Children who suffer from severe malnutrition are routinely given antibiotics as part of their medical treatment, but a new study has found the practice offered no boost to their nutritional recovery.
The authors of the research say the World Health Organization should reconsider its 1999 guidelines, especially given mounting concerns about the overuse of antibiotics and the rise of superbugs across the globe.
"Our results from Niger were surprising, as they challenge the current WHO recommendations and a recent well-conducted trial from Malawi," said lead author Sheila Isanaka, assistant professor of nutrition at Harvard University.
"It's an exciting step forward though, as we hope that this new evidence will motivate a deeper review of current recommendations and the evidence on which they are based."
The study in Niger involved nearly 2,400 children, aged six months to five years, who were suffering from acute malnutrition.
The children were randomly assigned to receive amoxicillin as part of their treatment, or a placebo.
Researchers defined recovery as regaining appetite and displaying a weight-for-height score that met a previously established WHO scale by the end of eight weeks, as part of a program to give the children better nutrition and medical care.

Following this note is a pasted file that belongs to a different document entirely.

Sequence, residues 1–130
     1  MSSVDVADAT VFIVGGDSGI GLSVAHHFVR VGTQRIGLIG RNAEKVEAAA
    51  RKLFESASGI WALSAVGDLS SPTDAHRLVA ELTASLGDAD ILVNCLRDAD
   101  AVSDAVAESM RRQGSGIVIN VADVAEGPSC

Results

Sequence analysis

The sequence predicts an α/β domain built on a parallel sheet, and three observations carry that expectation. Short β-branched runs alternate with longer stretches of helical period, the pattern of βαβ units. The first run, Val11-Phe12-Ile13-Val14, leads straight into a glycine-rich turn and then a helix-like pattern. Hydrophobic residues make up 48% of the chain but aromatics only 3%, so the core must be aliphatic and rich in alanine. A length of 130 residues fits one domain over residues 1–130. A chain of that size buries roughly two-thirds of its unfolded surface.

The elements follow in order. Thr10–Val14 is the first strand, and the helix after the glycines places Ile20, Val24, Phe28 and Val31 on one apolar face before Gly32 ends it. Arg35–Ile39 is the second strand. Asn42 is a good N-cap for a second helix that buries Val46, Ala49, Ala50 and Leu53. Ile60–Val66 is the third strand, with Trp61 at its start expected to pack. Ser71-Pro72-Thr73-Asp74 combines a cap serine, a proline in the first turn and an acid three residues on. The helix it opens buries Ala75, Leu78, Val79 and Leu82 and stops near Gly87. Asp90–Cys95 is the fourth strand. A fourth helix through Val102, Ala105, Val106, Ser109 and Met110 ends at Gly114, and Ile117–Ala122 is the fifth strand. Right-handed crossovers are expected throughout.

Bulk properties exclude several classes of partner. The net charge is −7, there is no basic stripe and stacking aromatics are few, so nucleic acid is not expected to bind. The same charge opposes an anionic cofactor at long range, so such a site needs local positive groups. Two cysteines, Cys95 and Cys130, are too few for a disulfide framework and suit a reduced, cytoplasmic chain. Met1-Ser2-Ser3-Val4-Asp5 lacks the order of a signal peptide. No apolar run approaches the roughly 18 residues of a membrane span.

Overall, 64 percent of the children in the study recovered. There was no statistically significant difference between the two groups: among the children who received amoxicillin, 66 percent recovered, while 63 percent recovered in the placebo group.
Those who took the antibiotic recovered slightly faster - in 28 days on average, compared to 30 in the placebo group.
A total of 13 children died -seven in the amoxicillin group and six in the placebo group.
"This finding challenges the view that routine antibiotic therapy is always necessary or beneficial," said the study, published in the New England Journal of Medicine.
Eliminating routine antibiotic use could make treating malnutrition simpler and cheaper, and also encourage "responsible antibiotic stewardship," said the study.
Severe acute malnutrition affects about 34 million children under age five worldwide.
The WHO's recommendations that all such children be given antibiotics to reduce the risk of death came in 1999, when there were as many as five times fewer children affected globally compared to today, and before concerns about antibiotic overuse were widespread, the study authors said.
The Niger study was funded by Medecins sans Frontieres (Doctors Without Borders).
A previous randomised trial in Malawi found that amoxicillin significantly reduced the risk of treatment failure (by 24 percent) and death (by 36 percent), when compared to a placebo.
However, that study did not assess children with HIV separately from children without the virus and "it was not possible to confirm a benefit among children without HIV infection," said the New England Journal of Medicine report.
Most of the children in the Niger study did not have HIV.